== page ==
Note: A day after this article was published on Sify, Sachin on Saturday (July 24) clarified that there won’t be any blood in the book. Read on to find out why it would have been an unnecessarily undignified act by the little champion, if he had allowed the publishers to go ahead with their original plan.
Almost 21 years ago, it was Waqar Younis who made the then 17-year-old Sachin Tendulkar spill blood in his debut Test with an awkward bouncer.
Now, it is the turn of a publisher.
For those of you who haven’t heard the news already, Kraken Media, the publishers of Tendulkar Opus, plan to print 10 deluxe copies of their 37kg tome with a signature page that “will be mixed with Sachin’s blood – mixed into the paper pulp so it’s a red resin”.
The editions, which have already been pre-ordered, are priced at $75000 each (Rs 35 lakhs at the current rate) and will also feature a DNA profile of the little champion generated from his saliva and more than 1,500 pictures, with each of the 852 pages being edged in gold leaf.
Kraken Media’s chief executive Karl Fowler explained the decision to the UK-based Guardian in this manner: “It’s not everyone’s cup of tea, it’s not to everyone’s taste and some may think it’s a bit weird. But the key thing here is that Sachin Tendulkar to millions of people is a religious icon. And we thought how, in a publishing form, can you get as close to your god as possible?”
Certainly, they have hit upon quite an idea indeed!
Even Deigo Maradona, the other sporting star whose autobiography was touted as an Opus, hasn’t been subjected to this kind of hagiography.
Agreed the cause is good. The Rs 3.5 crores raised from the deluxe-edition sale will go towards building a school in Mumbai.
Agreed also that the market for sports books in India, where Sachin has his biggest fan following, is rather thin.
I am reminded in this context of a friend of mine who ended up spending lakhs of rupees from his own pocket to get his biography on Prakash Padukone, the greatest badminton player India has produced, published. Passion, in his case, only served to burn a gaping hole in his purse.
And of a senior colleague, who was offered a paltry Rs 10000 to do a ‘quickie’ on one of our current batting greats by a publishing major because anything more elaborate and costlier wouldn’t be worth the trouble.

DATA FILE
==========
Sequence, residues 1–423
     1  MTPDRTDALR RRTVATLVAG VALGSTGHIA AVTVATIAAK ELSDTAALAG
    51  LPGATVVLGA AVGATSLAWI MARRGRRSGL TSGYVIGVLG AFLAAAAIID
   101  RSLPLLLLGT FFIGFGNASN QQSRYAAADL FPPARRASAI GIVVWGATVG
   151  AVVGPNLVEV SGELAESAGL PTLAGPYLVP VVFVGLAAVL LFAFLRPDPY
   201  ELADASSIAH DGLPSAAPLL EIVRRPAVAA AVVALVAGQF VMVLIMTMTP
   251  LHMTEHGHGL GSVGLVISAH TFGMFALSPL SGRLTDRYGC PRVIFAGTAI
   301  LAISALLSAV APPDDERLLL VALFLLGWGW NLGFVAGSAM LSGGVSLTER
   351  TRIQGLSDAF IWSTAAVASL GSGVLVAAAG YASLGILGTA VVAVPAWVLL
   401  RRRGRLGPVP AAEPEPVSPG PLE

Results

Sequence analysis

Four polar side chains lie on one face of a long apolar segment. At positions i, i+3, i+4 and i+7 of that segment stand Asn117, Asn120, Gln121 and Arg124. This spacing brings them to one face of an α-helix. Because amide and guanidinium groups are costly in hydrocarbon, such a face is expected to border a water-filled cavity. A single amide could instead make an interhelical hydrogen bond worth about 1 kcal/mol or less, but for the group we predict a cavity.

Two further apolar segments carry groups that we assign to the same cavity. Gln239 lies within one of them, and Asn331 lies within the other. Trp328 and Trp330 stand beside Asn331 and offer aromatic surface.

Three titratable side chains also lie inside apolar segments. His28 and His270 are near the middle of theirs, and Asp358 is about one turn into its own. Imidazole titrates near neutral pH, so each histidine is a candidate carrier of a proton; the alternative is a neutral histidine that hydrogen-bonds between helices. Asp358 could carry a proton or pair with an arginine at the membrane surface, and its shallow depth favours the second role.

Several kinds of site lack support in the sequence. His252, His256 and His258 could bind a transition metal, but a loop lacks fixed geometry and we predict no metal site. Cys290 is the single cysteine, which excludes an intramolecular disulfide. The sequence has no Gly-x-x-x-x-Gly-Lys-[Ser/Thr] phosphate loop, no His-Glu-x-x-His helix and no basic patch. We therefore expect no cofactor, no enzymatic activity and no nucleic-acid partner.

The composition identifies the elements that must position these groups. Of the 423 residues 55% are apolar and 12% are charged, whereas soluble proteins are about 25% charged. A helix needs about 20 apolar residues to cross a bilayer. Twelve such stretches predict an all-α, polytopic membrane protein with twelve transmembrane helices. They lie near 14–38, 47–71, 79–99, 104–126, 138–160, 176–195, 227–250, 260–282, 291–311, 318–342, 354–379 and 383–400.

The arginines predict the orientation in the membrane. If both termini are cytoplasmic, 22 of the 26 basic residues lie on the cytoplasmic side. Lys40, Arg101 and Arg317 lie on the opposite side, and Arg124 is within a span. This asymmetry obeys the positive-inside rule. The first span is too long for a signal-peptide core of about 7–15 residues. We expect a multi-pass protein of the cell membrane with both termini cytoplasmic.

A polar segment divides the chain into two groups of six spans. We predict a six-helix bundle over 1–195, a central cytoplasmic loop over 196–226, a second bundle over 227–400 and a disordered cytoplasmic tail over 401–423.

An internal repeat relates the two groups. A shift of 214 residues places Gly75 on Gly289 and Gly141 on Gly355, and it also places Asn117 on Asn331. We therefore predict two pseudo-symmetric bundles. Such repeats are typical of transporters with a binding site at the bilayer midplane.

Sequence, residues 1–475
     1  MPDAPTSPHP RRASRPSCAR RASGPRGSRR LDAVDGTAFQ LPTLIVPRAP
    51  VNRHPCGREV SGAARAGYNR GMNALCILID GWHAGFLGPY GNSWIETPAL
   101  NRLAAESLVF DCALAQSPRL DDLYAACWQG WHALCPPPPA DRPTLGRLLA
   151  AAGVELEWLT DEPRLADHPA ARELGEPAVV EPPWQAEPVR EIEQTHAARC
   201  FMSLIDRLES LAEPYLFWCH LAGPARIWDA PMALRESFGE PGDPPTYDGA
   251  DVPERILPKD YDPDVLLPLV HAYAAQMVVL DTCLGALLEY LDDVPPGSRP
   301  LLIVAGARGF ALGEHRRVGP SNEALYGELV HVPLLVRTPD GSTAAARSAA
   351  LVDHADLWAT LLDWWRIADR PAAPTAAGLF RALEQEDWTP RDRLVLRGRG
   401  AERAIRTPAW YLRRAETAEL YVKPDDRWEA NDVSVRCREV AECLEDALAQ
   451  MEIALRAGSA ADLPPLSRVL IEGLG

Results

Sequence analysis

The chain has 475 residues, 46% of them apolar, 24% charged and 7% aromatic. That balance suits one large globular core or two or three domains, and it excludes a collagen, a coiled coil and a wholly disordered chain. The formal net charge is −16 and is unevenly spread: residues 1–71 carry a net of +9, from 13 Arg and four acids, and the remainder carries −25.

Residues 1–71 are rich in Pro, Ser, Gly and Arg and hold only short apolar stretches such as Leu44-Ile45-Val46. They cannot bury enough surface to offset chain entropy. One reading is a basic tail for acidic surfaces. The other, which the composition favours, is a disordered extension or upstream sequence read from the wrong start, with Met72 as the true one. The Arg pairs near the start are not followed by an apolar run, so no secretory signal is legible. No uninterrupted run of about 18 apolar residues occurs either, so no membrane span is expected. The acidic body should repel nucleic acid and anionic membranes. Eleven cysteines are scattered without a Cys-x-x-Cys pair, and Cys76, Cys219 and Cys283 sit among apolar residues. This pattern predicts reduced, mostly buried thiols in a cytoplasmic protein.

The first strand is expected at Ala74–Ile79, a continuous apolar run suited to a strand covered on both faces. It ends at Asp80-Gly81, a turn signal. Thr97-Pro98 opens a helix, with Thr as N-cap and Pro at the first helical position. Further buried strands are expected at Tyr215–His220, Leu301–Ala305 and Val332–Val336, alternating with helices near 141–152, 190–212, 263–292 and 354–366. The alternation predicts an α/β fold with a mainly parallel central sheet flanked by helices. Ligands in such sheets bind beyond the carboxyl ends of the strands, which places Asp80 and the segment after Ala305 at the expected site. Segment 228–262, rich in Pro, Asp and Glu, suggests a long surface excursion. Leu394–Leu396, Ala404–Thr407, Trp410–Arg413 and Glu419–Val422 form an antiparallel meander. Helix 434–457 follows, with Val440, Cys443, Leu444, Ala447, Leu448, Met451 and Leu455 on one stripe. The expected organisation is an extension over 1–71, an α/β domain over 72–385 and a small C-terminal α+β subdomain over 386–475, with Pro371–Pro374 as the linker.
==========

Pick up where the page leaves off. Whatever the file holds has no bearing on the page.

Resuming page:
With the sports publishing scene in India being this bleak, Sachin and Kraken Media might have felt (and justifiably so) that it made sense to target just an exclusive clientele instead of reaching out to the hoi polloi.
Finding 10 people capable of forking out Rs 3.5 crore was definitely an easier task for them than launching a search for a million readers willing to part with Rs 350 and buy the book.
Be that as it may, why at all let Sachin’s blood seep into its pages?
Funnily, the batting great was reported to have said that he wanted us to see it just as a “mind-blowing” tribute.
But don’t you feel that while it might behove the leaders of a cult, Sachin has little need to lend his name and his blood to something this shamanistic?
Even his bosom pal Vinod Kambli was shocked enough into admitting that “This is something you could have expected from a Vinod Kambli and not Sachin Tendulkar.”
For once, he is right.
This is an unnecessarily undignified act for Sachin, whose career has been built on the bedrock of dignity.
With February 2011 being the launch date of the book, the little champion will be well advised to have a relook at this decision of his.
Just to drive home the point once again, Sachin…
Spilling blood on the field is one matter; spilling it in a book for a publisher who considers you a “religion icon” on the strength of your skill with the willow is quite another.
Don’t you all agree too?